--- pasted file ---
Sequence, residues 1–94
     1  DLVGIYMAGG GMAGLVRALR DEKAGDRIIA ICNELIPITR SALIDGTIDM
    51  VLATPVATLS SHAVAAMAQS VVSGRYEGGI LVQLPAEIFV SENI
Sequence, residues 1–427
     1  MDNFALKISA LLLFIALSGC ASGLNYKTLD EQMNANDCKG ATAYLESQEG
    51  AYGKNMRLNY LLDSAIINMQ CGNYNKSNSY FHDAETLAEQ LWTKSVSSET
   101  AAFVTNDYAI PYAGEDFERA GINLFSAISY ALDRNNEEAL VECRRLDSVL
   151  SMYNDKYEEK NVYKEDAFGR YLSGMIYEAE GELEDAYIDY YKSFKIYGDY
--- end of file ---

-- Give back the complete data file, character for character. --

Sequence, residues 1–94
     1  DLVGIYMAGG GMAGLVRALR DEKAGDRIIA ICNELIPITR SALIDGTIDM
    51  VLATPVATLS SHAVAAMAQS VVSGRYEGGI LVQLPAEIFV SENI
Sequence, residues 1–427
     1  MDNFALKISA LLLFIALSGC ASGLNYKTLD EQMNANDCKG ATAYLESQEG
    51  AYGKNMRLNY LLDSAIINMQ CGNYNKSNSY FHDAETLAEQ LWTKSVSSET
   101  AAFVTNDYAI PYAGEDFERA GINLFSAISY ALDRNNEEAL VECRRLDSVL
   151  SMYNDKYEEK NVYKEDAFGR YLSGMIYEAE GELEDAYIDY YKSFKIYGDY